“Feeding the population should be a priority,” continues Hughes, but he comments that growing crops for non-food uses is not new. “The issue is one of scale.”

Although the food versus fuel debate hinges on the relative value of the resources used and produced, growing some high value non-food crops would potentially make little impact on broad acre crops. Hughes gives the examples of plant-based pharmaceuticals such as taxol, opioids and Artemisia. Mapp Biopharmaceutical Inc. has produced a drug called ZMapp from tobacco leaves (right), which was used to combat the 2014 Ebola virus outbreak in West Africa. The Novartis Malaria Initiative is making antimalarial drugs based on Artemisia annua.

“Many of these crops, such as tobacco modified to produce vaccines, are cultivated in contained environments such as greenhouses on a relatively small scale, and so don’t compete with food crops. We are interested in this area and in supporting farmers whichever way the industry goes. UK agriculture has enormous potential and we are seeing great progress on a number of fronts,” says Hughes.

Call for objective decisions based on science evidence base 

Hughes has been asked to be an industry commentator on the Defra Health and Harmony Consultation.

“The key challenge is to support the productivity of UK agriculture and the quality and safety of our food whilst reducing the environmental impact of food production. I believe this is achievable, but we will need to embrace the best state-of-the-art technology to succeed.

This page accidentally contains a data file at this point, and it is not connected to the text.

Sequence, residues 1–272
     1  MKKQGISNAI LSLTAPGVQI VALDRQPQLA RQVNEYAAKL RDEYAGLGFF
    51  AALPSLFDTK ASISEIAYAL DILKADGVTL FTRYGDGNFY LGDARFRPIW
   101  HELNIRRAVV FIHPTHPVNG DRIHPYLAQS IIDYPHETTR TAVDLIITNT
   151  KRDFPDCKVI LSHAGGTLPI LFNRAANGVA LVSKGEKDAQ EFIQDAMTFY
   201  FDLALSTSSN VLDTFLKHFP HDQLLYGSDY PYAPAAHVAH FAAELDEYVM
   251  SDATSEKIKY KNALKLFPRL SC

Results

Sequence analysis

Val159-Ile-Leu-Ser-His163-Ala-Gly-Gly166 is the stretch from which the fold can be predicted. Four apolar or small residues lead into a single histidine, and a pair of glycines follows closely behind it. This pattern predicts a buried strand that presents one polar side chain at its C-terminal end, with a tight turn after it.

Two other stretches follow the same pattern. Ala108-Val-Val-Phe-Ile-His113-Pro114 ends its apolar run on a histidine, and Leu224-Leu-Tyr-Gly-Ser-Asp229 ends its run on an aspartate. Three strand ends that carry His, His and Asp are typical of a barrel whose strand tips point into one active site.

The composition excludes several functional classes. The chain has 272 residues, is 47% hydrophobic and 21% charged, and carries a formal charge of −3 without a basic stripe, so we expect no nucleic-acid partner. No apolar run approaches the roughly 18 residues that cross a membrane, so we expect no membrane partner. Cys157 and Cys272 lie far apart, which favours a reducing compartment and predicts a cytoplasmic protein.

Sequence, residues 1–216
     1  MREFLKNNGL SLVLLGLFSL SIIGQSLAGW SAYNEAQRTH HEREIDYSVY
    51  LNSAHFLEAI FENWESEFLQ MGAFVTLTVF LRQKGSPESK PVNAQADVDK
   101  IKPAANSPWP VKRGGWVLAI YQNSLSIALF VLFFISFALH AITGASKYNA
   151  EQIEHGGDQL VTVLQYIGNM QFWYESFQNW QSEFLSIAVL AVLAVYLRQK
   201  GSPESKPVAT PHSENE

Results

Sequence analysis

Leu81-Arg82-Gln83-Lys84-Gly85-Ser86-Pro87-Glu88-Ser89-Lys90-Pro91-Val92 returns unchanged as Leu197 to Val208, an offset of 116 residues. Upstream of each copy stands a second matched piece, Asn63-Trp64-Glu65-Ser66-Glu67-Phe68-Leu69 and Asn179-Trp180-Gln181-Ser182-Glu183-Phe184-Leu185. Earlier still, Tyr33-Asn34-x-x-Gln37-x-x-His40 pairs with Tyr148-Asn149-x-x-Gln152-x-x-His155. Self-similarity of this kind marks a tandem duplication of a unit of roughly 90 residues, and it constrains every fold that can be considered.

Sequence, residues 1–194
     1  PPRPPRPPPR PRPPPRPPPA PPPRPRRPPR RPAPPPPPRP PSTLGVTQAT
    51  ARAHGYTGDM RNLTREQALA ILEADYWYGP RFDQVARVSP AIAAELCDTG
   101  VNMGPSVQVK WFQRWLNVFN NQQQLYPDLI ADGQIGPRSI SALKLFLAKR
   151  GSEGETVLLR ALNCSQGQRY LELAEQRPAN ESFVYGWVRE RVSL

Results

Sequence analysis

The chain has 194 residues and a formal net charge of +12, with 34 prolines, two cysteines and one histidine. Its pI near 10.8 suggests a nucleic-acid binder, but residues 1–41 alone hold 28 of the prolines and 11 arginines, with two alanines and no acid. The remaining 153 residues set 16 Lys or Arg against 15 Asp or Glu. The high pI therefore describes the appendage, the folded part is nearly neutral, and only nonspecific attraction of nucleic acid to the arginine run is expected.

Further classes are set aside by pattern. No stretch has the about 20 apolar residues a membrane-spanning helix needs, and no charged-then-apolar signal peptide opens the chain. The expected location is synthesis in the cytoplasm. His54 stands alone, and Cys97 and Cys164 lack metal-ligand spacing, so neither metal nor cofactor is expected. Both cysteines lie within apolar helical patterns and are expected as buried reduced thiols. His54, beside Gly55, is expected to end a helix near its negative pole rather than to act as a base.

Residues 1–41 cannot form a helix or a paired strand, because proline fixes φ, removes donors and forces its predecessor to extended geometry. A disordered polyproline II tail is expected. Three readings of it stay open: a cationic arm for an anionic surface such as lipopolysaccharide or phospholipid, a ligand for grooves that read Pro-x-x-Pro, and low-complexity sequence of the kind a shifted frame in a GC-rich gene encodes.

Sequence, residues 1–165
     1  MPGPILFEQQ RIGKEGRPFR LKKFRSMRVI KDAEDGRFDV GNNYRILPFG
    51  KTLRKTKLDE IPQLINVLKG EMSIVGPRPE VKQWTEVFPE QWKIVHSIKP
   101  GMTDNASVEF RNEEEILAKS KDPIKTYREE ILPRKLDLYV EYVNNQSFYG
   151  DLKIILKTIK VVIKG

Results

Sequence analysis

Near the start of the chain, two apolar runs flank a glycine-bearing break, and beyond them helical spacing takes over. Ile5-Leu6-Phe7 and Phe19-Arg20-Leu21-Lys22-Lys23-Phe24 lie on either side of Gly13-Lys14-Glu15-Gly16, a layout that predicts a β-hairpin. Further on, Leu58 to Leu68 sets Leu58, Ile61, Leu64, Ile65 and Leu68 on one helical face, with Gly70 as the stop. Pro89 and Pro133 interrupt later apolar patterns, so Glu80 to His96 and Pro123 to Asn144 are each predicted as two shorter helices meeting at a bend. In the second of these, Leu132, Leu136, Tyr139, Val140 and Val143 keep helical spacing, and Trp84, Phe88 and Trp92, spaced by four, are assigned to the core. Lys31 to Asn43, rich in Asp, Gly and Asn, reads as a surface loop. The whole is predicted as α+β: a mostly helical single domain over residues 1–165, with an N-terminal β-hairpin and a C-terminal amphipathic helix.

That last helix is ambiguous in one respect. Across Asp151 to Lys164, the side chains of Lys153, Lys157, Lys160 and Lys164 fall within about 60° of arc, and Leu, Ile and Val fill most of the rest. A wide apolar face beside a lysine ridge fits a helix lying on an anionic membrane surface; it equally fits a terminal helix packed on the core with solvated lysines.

“It is vital that decisions impacting the UK’s ability to feed itself are based on sound scientific evidence, not as a reaction to a few strong voices.

“The food security of our nation is vital, and any decisions affecting it should be based on an objective assessment of the very best available evidence. In a world of fake news and social media echo chambers this is becoming increasingly difficult.

“Small molecule chemistry has gained a poor reputation over the years but it is important to note that the use of synthetic pesticides in agriculture actually improves the quality, quantity and safety of our food, and by improving yields they give us a fighting chance of producing enough food in the future without having to plough up all of our remaining wild lands.”

No ‘best way’ 

“It is clear that a robust global food supply requires a diverse range of production systems. There is no single ‘best way’ of producing food: the choices farmers make depend on many factors from the microenvironment on their farms to the macroeconomic environment of the markets to their own attitude towards risk. This diversity is a good thing: it provides choice for the consumer and helps to buffer our food supply from unexpected events like extreme weather.

“We aim to provide the tools to help farmers drive the improvement of agriculture right across the spectrum of farming practices, from smallholders in Asia and Africa right up to large highly-mechanised farms in the USA and Brazil.

“I see a major opportunity arising to use technology to combine food quality, safety and productivity with improved environmental outcomes.”

DEBATE NEW FEATURE OF REAP 2018

This house believes supporting land-use for competitive sustainable UK food production should be the priority for agri-tech innovations”

Chair: Mark Suthern, Head of Agriculture, Barclays

To be discussed by

  • Dr Dave Hughes, Head of Global Technology Scouting, Syngenta
  • Dr Stuart Knight, Deputy Director, NIAB
  • Prof. Claire Domoney, Head, Metabolic Biology Department, John Innes Centre
  • Tony Bambridge, Managing Director, B&C Farming, former NFU Norfolk Chairman
  • Andrew Spicer, CEO, Algenuity
  • William Cracroft-Eley, Lincolnshire farmer and Chairman, Terravesta
  • Guy Poppy, University of Southampton, Chief Scientific Advisor to the Food Standards Agency

More information about the speakers REAP 2018